Health services such as Accident and Emergency (A&E), sexual health clinics, walk-in centres, and out of hours services don’t need a GP referral. When people have a health problem that can’t be dealt with by the GP because it needs more specialised knowledge, skill or equipment than the GP has, they are often referred to hospital. The GP decides what kind of specialist the patient needs to see and contacts them on the patient’s behalf to get them an appointment – this is called a ‘referral’. GPs can also refer patients to other health care services that aren’t hospital-based, such as physiotherapists. People can also be referred for counselling.
When Emma had been feeling tired and run down for several weeks, she went to see the GP. After taking a urine sample, the doctor diagnosed her with type 1 diabetes and referred her to hospital that very day. Although it was shocking for Emma to learn that she had a long-term condition, she felt that it was good to be referred to hospital straight away. Isaac was also referred to hospital quickly when he went to see the GP about a mole on his arm. The doctor was reassuring in what could have been a very worrying situation.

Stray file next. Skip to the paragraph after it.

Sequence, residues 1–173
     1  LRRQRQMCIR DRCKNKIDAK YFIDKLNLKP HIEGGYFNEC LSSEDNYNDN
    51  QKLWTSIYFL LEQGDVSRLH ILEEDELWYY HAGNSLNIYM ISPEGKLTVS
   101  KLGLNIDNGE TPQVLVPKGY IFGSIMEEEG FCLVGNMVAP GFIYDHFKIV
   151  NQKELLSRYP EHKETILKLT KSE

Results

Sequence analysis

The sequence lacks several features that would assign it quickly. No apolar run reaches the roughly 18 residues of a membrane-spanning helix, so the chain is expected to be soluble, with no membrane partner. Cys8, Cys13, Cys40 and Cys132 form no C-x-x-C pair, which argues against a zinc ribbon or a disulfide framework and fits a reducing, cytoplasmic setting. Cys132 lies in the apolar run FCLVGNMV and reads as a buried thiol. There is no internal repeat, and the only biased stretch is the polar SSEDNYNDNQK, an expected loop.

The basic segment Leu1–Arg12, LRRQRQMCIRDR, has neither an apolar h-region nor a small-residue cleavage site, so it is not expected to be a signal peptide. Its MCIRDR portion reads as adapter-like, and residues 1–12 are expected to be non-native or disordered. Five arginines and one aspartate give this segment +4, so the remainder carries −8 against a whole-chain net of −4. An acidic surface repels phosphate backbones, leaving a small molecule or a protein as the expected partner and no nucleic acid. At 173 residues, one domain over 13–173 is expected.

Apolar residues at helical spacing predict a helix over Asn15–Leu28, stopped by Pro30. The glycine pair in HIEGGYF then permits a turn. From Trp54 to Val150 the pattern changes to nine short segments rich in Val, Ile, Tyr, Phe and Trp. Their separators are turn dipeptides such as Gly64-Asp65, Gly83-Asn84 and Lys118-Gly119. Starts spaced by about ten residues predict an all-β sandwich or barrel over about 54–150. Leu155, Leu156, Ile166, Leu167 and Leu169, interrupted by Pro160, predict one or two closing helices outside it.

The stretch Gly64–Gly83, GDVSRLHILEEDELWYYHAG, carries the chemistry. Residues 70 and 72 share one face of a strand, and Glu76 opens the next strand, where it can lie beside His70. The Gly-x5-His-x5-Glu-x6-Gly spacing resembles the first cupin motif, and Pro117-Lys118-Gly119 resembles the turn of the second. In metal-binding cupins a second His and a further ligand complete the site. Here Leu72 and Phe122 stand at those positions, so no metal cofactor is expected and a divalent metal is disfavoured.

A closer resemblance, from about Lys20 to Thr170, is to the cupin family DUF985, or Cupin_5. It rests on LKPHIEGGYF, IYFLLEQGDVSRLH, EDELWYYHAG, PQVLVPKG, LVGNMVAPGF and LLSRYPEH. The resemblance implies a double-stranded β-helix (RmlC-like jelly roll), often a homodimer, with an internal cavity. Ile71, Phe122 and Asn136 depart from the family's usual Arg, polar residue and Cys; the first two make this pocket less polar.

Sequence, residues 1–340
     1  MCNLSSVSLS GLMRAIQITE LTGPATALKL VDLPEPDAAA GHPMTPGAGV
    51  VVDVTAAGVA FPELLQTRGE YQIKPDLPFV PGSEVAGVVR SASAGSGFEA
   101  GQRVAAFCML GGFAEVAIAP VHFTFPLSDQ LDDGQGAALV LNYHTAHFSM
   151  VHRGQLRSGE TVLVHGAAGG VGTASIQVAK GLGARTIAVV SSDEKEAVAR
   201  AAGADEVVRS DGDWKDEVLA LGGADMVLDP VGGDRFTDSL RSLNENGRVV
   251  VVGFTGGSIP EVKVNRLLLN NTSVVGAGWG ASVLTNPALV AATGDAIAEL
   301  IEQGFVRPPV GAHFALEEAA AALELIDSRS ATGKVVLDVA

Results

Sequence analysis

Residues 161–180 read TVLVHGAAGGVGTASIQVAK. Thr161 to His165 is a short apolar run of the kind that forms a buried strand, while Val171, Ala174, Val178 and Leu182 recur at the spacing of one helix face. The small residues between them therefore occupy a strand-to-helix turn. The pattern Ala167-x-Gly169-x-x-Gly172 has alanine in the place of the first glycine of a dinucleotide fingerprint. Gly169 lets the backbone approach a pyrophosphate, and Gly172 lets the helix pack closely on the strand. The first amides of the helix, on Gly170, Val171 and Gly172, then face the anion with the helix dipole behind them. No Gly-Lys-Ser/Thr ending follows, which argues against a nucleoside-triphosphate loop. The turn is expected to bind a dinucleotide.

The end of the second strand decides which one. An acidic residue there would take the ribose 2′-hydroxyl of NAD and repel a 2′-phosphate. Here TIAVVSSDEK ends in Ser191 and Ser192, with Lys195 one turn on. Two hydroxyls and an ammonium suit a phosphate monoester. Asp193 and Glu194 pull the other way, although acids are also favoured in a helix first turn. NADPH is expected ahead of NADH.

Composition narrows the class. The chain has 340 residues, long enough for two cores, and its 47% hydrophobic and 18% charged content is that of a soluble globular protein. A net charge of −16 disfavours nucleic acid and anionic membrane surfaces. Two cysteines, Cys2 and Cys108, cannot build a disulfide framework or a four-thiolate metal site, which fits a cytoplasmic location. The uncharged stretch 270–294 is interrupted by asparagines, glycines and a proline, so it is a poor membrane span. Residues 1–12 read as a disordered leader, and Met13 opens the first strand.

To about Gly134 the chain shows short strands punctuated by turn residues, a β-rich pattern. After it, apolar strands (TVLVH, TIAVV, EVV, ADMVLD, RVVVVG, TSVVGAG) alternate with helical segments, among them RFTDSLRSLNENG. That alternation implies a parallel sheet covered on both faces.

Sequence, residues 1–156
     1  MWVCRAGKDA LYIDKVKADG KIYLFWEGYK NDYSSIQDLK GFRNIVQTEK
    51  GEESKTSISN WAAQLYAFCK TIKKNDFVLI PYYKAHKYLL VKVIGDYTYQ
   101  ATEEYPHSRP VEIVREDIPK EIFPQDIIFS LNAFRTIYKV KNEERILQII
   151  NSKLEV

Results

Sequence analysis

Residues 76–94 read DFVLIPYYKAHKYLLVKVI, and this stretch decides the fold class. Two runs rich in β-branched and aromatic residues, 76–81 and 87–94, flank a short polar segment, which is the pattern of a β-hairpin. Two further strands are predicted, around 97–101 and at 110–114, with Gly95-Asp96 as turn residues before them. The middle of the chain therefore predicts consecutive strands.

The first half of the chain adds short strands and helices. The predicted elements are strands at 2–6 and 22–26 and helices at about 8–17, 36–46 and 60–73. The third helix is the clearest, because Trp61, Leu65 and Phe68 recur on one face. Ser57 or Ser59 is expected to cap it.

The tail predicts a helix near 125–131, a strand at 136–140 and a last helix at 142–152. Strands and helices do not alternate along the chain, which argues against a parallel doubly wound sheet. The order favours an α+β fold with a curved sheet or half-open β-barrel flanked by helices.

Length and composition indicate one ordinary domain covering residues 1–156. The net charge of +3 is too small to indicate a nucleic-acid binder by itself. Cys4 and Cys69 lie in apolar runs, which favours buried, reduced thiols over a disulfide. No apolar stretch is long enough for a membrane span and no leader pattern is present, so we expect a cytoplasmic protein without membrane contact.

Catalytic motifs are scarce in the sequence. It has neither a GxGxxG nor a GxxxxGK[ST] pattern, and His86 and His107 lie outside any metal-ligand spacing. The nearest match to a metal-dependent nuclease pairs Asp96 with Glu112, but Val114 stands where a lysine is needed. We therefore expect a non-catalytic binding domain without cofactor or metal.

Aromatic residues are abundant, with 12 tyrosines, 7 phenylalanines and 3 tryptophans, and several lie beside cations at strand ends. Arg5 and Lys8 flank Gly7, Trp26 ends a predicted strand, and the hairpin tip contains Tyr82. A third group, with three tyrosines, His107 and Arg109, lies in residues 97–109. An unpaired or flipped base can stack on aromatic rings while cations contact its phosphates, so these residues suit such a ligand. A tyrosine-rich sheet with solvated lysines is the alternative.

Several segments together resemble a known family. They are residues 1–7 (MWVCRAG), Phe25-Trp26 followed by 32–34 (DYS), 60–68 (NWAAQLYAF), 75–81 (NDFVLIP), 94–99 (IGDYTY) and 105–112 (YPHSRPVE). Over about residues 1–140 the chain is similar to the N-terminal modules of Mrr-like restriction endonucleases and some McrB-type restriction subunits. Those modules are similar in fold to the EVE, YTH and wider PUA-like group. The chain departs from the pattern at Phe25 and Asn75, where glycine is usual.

Emma’s GP phoned the hospital so that she could go there straight away and get the treatment she needed. Hospital staff were expecting her.
The GP told Isaac that the mole on his arm would have to be removed in hospital later that week. He phoned Isaac at home with the appointment details.
Sometimes a referral can take what feels like a long time because it may not be obvious what is wrong and whether it needs further investigation. Minor conditions will often get better on their own. Jal‚àö¬© saw several GPs over a few months because of tiredness and stomach pain, and doctors felt that the most likely cause was stress. At one appointment, though, the GP diagnosed her with a muscular back pain and also found a walnut sized lump in her neck. The doctor referred Jal‚àö¬© for an ultrasound scan. After the scan, Jal‚àö¬© went back to the GP and was told that she had several nodules on her thyroid. Because of these, the thyroid would need to be removed. A few months after surgery, when Jal‚àö¬© was still feeling very tired and had pain in her stomach, arms and legs, she was referred to hospital again: